What does "green" really mean? Nothing, I fear. The word has been co-opted by some of the brownest industries on Earth. Take the auto sector. I enjoy a smooth ride as much as the next guy, but the concept of a green fuel-powered personal car is ludicrous, unless we're talking about paint colour. Think of the junk pumped out of ore mines, steel mills and factories.
Yes, it's Earth Day next week and even the wine columnist gets to pontificate. I draw attention to vehicles because they are used heavily in wine production and distribution. As with cars, there is no such thing as a green wine, no matter what a growing number of self-serving wineries tell us.
Glass bottles and the liquid inside are heavy. The trucks and ships that get the stuff to our door burn fossil fuels and pump out greenhouse gases. Unless you drink local, you're warming the planet every time you sip a cool pinot grigio.
But here's a happy truth about wine that can't be said about even a 100-kilometre-per-gallon hybrid. Its production process is pretty benign. Over the course of the growing season, vine leaves consume much, in some cases virtually all, the carbon dioxide expelled by the winemaking stages, including fermentation. And when it comes to high-quality stuff made at smaller estates, the trend is toward fewer pesticides, herbicides and fungicides. It's not just hip to be organic. It's getting to be a sign of smart, quality-oriented winemaking. And as with organic tomatoes, wines made from organic grapes tend to taste better. That's because winemakers have learned they tend to get better fruit in the long haul from healthy, self-sustaining vineyards.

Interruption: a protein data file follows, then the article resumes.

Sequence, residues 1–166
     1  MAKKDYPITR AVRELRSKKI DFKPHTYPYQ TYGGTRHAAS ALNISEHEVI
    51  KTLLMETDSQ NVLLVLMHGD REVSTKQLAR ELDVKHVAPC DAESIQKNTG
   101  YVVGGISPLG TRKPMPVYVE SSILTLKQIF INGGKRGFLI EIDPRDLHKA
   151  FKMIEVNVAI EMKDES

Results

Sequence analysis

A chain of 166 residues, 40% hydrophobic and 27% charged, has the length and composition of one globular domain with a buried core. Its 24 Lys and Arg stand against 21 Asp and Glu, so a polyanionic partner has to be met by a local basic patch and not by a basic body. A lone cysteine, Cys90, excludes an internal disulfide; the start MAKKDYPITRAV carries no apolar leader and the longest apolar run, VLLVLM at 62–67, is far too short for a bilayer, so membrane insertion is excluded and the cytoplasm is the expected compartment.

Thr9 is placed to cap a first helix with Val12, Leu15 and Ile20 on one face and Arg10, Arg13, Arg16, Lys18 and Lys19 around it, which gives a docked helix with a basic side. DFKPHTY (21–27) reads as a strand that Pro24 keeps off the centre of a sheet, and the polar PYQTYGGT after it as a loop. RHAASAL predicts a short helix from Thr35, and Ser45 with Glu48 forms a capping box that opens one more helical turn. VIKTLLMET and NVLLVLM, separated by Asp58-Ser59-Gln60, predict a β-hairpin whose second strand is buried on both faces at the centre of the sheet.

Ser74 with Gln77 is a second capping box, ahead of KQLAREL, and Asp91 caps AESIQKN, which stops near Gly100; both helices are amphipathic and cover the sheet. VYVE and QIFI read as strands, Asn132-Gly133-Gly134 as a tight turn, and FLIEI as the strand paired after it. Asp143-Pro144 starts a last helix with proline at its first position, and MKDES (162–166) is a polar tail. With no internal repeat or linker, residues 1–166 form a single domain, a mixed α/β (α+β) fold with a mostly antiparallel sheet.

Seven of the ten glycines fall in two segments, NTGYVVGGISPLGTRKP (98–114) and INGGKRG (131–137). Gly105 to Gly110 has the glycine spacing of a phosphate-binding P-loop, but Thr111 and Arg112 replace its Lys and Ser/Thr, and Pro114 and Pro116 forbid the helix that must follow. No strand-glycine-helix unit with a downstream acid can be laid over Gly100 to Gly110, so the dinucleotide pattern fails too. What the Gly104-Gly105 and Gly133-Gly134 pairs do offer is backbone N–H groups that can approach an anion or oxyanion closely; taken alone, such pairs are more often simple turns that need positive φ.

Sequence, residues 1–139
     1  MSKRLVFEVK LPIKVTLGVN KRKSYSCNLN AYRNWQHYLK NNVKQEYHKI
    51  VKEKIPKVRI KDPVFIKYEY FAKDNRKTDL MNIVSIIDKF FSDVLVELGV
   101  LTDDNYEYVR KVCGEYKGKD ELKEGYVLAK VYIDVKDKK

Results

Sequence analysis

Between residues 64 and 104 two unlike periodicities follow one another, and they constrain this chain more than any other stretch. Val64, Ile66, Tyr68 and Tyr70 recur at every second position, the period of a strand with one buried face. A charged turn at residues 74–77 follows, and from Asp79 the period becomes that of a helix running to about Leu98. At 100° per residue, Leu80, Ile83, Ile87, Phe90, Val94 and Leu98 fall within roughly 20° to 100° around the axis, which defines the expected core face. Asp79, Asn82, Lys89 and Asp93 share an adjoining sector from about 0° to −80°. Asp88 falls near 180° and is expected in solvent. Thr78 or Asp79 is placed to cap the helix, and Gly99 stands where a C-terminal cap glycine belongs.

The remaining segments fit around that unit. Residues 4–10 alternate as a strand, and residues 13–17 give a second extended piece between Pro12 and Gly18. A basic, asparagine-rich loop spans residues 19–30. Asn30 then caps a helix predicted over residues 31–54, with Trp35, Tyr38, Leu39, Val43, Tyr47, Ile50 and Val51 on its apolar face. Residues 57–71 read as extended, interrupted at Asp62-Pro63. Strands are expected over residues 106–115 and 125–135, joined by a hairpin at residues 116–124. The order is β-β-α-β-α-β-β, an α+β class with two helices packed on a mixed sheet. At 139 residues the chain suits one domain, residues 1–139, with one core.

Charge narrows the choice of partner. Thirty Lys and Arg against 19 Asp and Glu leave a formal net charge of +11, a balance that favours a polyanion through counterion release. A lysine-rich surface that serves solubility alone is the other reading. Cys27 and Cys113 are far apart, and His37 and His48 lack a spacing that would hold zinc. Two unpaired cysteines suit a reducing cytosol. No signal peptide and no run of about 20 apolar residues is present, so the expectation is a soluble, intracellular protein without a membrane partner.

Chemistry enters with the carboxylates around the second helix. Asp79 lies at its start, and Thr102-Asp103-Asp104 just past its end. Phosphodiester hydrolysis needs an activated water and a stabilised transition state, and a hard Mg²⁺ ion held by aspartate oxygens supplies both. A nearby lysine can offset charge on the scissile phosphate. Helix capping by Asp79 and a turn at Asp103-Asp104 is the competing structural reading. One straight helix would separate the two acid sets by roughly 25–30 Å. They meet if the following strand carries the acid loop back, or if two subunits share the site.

Visit many vineyards today and you'll see wild grasses growing between vine rows, an ancient practice to help soil retain nutrition, encouraging vine stamina and natural biodiversity. I love the irony: using weeds to curb chemicals. Progressive vineyards today are the opposite of golf courses.
In many New World vineyards, notably Chile and Australia, the summer climate is also so dry that there's no need for fungicides.